In my opinion, a lot of the time the line between ambitions and pretensions is crossed by way of how those very ambitions are delivered. If you are dreaming of headlining Glastonbury one day, that’s great, but there’s no need to be arrogant when you talk about those dreams. Staying silent and being too shy to talk about what you really want is at the other end of the spectrum and will also not do you any favours. Personally, I like the saying “if you don’t ask, you don’t get” and in my view, a well-balanced mix of modesty and cheekiness is what helps successful people achieve their goals. My rule is that it’s always good to ask but I should never expect to necessarily get whatever it is I’m asking about.

And when it comes to the opportunities that no longer suit your needs and ambitions, I sincerely think that no one should be shamed for outgrowing the old arrangements and moving on, as long as it’s done respectfully. I remember that at the very start of my career I was happy to perform anywhere, for as long as necessary and wherever was necessary. I didn’t care if there was no sound equipment in place or if I had no guitar on me and would need to borrow it from someone else. I didn’t even care if the show was detrimental for me financially, I’d still travel for it and play no matter what! However, with time my experience started growing and inevitably my expectations started growing with it. Some opportunities that seemed exciting 2 years ago, no longer sounded good and felt more like a waste of time and money. Slowly but gradually I started recognising unfavourable terms of certain arrangements and gained enough confidence to speak up when something didn’t feel right. Does that mean that I’ve caught star fever? I really don’t think so.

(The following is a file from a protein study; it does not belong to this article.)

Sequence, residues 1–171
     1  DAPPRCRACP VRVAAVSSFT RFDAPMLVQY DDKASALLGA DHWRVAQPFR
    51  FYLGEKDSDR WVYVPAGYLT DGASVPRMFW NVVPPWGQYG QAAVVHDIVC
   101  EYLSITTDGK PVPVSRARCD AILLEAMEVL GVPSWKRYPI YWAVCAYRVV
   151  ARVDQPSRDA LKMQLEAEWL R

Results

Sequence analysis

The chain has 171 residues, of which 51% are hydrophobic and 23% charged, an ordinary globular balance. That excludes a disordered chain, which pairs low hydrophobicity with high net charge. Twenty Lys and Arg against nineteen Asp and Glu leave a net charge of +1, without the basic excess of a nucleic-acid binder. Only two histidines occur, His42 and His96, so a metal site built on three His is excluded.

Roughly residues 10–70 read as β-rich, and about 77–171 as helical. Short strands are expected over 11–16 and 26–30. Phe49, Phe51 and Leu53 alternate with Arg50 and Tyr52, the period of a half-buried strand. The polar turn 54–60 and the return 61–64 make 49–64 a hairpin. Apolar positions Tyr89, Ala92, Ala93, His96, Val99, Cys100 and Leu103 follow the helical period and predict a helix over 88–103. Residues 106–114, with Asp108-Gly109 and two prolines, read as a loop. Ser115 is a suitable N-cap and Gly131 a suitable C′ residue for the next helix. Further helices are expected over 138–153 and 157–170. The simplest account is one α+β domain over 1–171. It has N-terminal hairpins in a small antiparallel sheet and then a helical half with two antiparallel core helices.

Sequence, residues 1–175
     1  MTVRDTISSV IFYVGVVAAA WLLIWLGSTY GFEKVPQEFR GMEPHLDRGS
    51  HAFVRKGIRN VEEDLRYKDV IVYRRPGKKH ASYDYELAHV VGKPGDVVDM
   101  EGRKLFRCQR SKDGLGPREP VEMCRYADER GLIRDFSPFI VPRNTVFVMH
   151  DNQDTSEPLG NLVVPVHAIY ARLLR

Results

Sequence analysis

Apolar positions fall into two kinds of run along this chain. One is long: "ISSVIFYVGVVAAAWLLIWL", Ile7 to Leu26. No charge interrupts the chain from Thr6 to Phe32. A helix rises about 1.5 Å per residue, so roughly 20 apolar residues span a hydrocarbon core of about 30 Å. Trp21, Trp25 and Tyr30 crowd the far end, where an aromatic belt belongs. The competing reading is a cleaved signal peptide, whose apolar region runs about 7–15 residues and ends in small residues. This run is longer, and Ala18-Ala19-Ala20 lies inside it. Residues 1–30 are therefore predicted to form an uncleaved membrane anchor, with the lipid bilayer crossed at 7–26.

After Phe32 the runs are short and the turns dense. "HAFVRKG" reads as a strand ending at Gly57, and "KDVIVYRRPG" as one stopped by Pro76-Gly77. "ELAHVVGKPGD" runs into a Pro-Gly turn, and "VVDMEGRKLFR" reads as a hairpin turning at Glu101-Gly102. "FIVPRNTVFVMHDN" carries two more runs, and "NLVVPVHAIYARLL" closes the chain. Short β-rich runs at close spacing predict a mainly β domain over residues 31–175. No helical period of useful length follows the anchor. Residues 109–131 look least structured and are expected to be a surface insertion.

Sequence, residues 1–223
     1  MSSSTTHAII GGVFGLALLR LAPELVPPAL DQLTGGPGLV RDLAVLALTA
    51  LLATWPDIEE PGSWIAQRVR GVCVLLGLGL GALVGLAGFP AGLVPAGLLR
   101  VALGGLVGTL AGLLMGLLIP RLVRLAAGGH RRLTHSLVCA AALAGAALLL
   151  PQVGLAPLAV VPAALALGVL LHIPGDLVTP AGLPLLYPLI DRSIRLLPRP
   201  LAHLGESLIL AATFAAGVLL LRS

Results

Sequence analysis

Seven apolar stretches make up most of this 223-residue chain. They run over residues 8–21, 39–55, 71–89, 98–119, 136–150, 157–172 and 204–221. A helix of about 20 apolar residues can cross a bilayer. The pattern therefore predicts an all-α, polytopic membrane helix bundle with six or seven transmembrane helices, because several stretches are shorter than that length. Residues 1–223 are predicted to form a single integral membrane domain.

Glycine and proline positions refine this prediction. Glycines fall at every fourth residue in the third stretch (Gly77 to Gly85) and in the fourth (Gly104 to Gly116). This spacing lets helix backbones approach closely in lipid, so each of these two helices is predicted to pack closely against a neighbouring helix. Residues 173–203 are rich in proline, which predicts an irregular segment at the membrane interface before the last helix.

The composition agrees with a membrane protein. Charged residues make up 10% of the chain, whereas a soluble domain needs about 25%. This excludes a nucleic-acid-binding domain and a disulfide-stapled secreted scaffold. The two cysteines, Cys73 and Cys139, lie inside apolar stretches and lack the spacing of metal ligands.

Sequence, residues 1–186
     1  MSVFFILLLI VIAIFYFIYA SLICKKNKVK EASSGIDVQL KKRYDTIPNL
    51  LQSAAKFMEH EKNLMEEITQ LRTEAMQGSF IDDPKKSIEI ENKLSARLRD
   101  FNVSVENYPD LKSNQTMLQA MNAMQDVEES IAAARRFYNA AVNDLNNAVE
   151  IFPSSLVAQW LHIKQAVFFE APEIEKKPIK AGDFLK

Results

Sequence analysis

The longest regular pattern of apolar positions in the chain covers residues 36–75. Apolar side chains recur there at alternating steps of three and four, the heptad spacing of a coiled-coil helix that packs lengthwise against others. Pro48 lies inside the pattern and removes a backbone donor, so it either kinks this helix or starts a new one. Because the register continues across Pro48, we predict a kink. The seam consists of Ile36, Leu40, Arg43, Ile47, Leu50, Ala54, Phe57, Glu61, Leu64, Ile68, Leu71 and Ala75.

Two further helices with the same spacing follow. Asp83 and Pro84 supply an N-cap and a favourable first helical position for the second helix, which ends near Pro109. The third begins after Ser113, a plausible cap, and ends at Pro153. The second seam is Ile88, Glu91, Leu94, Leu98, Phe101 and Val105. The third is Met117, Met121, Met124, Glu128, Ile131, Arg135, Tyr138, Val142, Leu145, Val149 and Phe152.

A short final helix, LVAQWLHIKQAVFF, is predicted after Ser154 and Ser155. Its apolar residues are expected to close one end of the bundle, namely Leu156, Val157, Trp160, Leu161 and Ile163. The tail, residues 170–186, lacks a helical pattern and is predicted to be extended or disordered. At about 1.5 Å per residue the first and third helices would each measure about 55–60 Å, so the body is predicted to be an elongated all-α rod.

It’s certainly important to remember where you’ve come and to always remain grateful for all the opportunities you’ve had no matter how far you’ve progressed. However, it’s equally important to celebrate your own success and not feel reproached for moving up the career ladder. I think it’s quite possible to continue being down to earth while making your most daring ambitions a reality and it’s the attitude with which you’re doing business that makes all the difference. The same applies to artists’ requests and pretensions: no one will call you names if you politely ask for more time during the soundcheck or for one extra bottle of wine to be added to your rider. It will, however, look very arrogant and pretentious if you just demand those things because you know you can, and that’s why a lot of the time it’s not really the battle between ambitions and pretensions that we have to worry about, it’s the simple and basic question whether the person you’re dealing with has good or bad manners.

Photos by Jamie McNamee